- Wireline backhaul – New metrics and reporting thresholds proposed for wireline carriers’ backhaul and wholesale circuits. The FCC requires reporting of “failures of communications infrastructure components having significant traffic-carrying capacity,” which is currently defined in terms of impact on DS3 circuits. The NPRM seeks comment on raising the reporting threshold to account for changes in how networks are scaled and designed, moving away from bare measures of network capacity to service utilization. (The details of the FCC’s proposal are described in ¶¶ 22-23 of the Order.) The FCC also proposes shortening the time period for carriers to report simplex outages from five days to 48 hours (¶¶ 24-30).
- Wireless – For wireless providers, the FCC proposes several new metrics and reporting requirements for assessing the impact on customers of wireless network outages and service degradations (¶¶ 31-37).
- Special Offices and Facilities – The rules require providers to report outages that potentially affect “special offices and facilities,” a term defined to include “major military installations, key government facilities, nuclear power plants, and [relatively major airports].” The NPRM proposes expanding these requirements to facilities participating in the Telecommunications Service Priority (TSP) program. (TSP-enrolled facilities include military installations; federal cabinet-level department and agency headquarters; state governors’ offices; Federal Reserve Banks; national stock exchanges; federal, state, and local law enforcement facilities; hospitals; airports; major passenger rail terminals; nuclear power plants; oil refineries; and water treatment plants.) The NPRM also proposes changes to the kinds of impairments that must be reported for service provided to airports.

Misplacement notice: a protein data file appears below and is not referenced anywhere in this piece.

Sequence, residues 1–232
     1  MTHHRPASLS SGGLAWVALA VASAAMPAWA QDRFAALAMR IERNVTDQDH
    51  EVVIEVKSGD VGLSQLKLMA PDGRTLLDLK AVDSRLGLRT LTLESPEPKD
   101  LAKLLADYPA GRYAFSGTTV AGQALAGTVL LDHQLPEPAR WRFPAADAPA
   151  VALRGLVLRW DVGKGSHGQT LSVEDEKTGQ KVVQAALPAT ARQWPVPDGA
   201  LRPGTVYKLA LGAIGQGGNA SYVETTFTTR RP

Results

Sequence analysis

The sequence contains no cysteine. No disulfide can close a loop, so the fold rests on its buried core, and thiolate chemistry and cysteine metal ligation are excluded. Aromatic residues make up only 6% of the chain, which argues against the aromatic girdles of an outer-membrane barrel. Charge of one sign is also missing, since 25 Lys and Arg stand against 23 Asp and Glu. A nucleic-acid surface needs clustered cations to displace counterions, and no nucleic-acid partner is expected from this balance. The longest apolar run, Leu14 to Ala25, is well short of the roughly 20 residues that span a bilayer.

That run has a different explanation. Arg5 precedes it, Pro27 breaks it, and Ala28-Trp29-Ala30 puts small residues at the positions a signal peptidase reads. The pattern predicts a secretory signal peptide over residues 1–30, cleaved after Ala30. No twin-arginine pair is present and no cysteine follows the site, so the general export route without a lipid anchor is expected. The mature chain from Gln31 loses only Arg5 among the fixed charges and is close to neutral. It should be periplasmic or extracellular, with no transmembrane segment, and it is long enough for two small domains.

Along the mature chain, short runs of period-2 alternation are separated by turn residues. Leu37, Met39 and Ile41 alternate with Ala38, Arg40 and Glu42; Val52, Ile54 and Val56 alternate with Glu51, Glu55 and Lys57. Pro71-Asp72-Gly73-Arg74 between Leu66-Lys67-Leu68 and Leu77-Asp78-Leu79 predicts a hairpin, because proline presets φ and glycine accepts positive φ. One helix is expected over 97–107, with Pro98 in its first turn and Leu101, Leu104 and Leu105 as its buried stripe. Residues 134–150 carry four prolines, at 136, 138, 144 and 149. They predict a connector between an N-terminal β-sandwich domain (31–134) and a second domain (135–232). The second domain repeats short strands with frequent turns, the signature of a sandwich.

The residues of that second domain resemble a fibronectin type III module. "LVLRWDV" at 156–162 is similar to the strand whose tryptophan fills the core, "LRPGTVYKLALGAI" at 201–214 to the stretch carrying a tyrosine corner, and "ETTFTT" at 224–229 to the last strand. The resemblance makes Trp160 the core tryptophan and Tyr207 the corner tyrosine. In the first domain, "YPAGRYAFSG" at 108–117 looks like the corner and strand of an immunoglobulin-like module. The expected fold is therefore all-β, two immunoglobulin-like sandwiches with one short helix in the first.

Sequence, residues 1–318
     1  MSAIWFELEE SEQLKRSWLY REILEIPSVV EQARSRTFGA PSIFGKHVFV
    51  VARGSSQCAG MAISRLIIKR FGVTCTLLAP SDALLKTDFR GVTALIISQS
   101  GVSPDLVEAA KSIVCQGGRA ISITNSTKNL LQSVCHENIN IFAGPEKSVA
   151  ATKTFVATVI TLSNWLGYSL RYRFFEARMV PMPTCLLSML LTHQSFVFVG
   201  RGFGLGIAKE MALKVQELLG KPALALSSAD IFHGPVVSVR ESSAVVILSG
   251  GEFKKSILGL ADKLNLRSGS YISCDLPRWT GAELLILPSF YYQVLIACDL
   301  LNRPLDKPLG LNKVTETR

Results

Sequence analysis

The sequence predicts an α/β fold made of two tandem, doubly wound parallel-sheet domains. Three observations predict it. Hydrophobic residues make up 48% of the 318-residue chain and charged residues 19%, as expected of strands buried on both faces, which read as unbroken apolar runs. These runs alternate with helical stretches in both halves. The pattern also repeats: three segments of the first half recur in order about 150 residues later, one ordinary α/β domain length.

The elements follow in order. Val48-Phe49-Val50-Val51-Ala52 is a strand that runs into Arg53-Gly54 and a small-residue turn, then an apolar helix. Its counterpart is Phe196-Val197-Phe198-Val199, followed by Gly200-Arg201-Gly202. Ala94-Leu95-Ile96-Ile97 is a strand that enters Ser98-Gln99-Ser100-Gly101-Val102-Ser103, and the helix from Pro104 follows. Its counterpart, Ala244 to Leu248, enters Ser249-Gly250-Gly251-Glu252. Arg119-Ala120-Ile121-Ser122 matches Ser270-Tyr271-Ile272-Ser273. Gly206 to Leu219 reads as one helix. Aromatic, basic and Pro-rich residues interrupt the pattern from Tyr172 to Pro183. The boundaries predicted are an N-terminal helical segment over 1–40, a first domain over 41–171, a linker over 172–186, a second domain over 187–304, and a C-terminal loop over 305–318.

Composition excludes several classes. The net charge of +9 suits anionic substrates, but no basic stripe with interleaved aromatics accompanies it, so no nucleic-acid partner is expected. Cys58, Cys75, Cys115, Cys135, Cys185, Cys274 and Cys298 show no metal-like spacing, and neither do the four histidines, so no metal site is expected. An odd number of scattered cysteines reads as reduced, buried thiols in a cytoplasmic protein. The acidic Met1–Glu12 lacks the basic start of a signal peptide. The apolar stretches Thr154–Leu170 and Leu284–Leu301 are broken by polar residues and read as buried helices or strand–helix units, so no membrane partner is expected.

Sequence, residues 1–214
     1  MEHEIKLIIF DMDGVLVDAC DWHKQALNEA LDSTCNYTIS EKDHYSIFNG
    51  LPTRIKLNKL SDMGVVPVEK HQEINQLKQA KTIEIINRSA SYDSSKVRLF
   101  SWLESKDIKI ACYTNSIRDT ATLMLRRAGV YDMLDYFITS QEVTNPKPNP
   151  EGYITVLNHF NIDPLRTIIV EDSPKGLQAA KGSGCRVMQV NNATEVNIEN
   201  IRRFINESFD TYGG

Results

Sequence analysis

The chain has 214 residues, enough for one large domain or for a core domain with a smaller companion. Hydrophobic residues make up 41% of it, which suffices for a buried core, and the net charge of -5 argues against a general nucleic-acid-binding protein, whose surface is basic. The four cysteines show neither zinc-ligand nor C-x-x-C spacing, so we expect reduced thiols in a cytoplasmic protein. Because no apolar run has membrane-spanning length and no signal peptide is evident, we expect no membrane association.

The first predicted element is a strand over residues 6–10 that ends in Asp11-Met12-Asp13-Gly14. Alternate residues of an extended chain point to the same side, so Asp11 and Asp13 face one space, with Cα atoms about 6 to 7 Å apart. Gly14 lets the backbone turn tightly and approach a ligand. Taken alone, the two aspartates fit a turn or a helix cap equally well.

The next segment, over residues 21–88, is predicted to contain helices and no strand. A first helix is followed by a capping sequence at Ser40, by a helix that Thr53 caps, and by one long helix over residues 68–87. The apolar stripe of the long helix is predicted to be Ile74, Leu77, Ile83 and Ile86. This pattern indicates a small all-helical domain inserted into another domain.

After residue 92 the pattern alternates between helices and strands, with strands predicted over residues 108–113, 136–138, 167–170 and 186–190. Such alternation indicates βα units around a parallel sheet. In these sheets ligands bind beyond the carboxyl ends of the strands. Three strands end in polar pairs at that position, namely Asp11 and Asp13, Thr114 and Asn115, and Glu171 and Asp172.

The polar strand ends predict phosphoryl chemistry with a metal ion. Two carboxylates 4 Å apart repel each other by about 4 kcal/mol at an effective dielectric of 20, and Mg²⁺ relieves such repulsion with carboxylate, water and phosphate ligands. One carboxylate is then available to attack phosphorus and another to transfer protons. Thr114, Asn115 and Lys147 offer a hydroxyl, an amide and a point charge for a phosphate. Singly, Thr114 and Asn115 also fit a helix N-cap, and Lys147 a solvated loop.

Sharing Outage Information with States
Perhaps the most noteworthy item in the Order is the FCC’s proposal to grant States access to the NORS database. By way of background, outage reports filed in NORS are presumed confidential and thus withheld from routine public inspection. The FCC routinely shares NORS reports with the Office of Emergency Communication at DHS, which may provide information from those reports to such other governmental authorities as it deems appropriate, but the FCC does not share NORS information directly with state governments.
In the absence of this information, many states independently require communications providers to file network outage reports with their public utility commissions or similar agencies. The content of such reporting overlaps to a great extent with the information providers must report to the FCC, and the FCC views the proposal to formally extend access to this information to the states as an attempt to rationalize and streamline carrier reporting requirements. The NPRM seeks comment on the proposal as the limitations that should be attached to that access, as well as on how other federal agencies should be granted access.
Presumably as part of the FCC’s attempt to clean its dockets and close out old matters, the Order disposes of nearly a dozen petitions for reconsideration and rulemaking, several of which have been pending since 2004. The rulings themselves are not particularly noteworthy; we note them here simply to acknowledge that the FCC eventually usually does deal with matters filed before it, even if it sometimes takes the agency a long time to do so.